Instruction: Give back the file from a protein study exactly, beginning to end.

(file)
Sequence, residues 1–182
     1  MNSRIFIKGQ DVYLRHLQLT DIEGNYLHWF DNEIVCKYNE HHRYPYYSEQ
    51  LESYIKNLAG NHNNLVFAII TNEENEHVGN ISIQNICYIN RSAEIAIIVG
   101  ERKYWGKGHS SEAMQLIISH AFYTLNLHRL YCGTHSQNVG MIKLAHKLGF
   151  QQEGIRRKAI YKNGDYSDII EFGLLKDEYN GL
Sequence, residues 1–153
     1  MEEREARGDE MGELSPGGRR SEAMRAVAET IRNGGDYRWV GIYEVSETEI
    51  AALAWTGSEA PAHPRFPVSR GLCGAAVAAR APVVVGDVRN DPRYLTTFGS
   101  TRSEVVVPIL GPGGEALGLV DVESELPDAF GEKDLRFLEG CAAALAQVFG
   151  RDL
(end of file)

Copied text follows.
Sequence, residues 1–182
     1  MNSRIFIKGQ DVYLRHLQLT DIEGNYLHWF DNEIVCKYNE HHRYPYYSEQ
    51  LESYIKNLAG NHNNLVFAII TNEENEHVGN ISIQNICYIN RSAEIAIIVG
   101  ERKYWGKGHS SEAMQLIISH AFYTLNLHRL YCGTHSQNVG MIKLAHKLGF
   151  QQEGIRRKAI YKNGDYSDII EFGLLKDEYN GL
Sequence, residues 1–153
     1  MEEREARGDE MGELSPGGRR SEAMRAVAET IRNGGDYRWV GIYEVSETEI
    51  AALAWTGSEA PAHPRFPVSR GLCGAAVAAR APVVVGDVRN DPRYLTTFGS
   101  TRSEVVVPIL GPGGEALGLV DVESELPDAF GEKDLRFLEG CAAALAQVFG
   151  RDL